Introduction to the Special Issue: Understanding and Incorporating Home-Based Child Care Into Early Education and Development Systems

Publisher: Early Education and Development (online ahead of print)
May 25, 2017
Authors
Holli A. Tonyan, Diane Paulsell, and Eva Marie Shivers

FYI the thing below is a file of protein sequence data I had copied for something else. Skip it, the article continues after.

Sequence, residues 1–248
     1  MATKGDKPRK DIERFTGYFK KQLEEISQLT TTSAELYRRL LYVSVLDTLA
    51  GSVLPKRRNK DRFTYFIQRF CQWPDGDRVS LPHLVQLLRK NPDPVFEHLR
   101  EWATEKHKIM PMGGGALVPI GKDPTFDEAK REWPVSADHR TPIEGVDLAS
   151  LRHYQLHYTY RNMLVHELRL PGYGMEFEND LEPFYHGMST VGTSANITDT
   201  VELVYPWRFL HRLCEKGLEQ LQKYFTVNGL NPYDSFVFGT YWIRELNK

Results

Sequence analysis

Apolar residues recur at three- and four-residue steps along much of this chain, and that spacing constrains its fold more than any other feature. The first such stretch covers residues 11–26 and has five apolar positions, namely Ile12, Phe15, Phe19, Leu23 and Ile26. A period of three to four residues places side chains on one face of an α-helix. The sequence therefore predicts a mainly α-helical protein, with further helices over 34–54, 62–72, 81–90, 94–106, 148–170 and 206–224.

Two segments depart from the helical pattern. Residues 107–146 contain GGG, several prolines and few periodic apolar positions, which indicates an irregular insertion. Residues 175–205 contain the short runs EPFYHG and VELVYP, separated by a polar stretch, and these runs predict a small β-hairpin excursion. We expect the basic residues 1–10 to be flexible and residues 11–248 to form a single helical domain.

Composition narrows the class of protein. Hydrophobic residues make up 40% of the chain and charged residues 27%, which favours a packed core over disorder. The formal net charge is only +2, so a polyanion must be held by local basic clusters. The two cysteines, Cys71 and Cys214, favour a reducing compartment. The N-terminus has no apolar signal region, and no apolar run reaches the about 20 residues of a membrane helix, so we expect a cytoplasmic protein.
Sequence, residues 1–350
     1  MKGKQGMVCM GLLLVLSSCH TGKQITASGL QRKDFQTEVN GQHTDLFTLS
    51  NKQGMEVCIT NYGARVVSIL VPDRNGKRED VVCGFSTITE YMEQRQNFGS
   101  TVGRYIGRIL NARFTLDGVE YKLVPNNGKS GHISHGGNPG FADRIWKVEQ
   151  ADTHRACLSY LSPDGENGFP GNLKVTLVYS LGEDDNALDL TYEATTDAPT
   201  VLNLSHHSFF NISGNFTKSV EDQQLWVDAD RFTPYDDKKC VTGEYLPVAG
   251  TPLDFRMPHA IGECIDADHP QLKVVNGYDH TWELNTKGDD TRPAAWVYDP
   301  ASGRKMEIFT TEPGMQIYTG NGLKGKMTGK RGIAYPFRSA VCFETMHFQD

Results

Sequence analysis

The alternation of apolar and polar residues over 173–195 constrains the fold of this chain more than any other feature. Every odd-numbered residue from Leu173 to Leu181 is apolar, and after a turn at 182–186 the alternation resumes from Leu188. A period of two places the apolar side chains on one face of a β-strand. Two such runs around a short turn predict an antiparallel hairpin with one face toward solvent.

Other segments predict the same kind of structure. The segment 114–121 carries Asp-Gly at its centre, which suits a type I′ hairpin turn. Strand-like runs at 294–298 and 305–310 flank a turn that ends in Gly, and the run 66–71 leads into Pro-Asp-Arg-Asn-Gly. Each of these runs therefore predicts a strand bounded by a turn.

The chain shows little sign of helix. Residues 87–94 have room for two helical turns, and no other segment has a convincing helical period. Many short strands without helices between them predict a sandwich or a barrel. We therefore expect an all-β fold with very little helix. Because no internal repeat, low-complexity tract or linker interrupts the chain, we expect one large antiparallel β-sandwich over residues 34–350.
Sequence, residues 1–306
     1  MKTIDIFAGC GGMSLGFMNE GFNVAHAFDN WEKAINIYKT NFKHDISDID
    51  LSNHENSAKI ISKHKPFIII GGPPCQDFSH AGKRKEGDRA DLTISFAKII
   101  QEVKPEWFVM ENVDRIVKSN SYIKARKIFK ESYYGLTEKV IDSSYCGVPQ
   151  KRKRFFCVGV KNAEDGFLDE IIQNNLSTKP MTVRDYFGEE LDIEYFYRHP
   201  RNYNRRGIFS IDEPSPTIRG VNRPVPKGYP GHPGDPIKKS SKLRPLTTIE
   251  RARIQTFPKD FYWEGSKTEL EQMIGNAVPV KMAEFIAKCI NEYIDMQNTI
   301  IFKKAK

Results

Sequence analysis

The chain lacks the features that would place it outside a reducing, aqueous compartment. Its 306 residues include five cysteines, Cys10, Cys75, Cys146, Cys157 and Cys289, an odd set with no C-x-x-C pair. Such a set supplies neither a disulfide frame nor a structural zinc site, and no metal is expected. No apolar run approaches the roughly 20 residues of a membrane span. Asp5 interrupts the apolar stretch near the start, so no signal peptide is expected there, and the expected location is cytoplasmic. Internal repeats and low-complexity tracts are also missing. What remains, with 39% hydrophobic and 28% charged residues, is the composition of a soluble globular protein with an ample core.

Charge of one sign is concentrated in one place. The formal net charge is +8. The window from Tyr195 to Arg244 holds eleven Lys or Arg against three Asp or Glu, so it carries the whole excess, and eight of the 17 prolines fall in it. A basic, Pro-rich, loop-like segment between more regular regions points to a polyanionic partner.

Millions of families across the United States rely on home-based child care—noncustodial care in home-based settings—while they work or attend school. Indeed, home-based child care is the most prevalent form of noncustodial child care in the United States, especially for infants and toddlers and children living in poverty. The National Survey of Early Care and Education (NSECE) estimated that about 7.1 million children from birth to age 5 receive care in home-based child care settings from more than 3.7 million caregivers (NSECE Project Team, 2016 National Survey of Early Care and Education Project Team. (2016). Characteristics of home-based early care and education providers: Initial findings from the National Survey of Early Care and Education. Washington, DC: U.S. Department of Health and Human Services, Administration for Children and Families, Office of Planning, Research and Evaluation. [Google Scholar]). In contrast, an estimated 3.8 million children receive care in centers. About half of home-based child care providers are located in moderate- or high-poverty density areas, and less than one third are paid for providing care.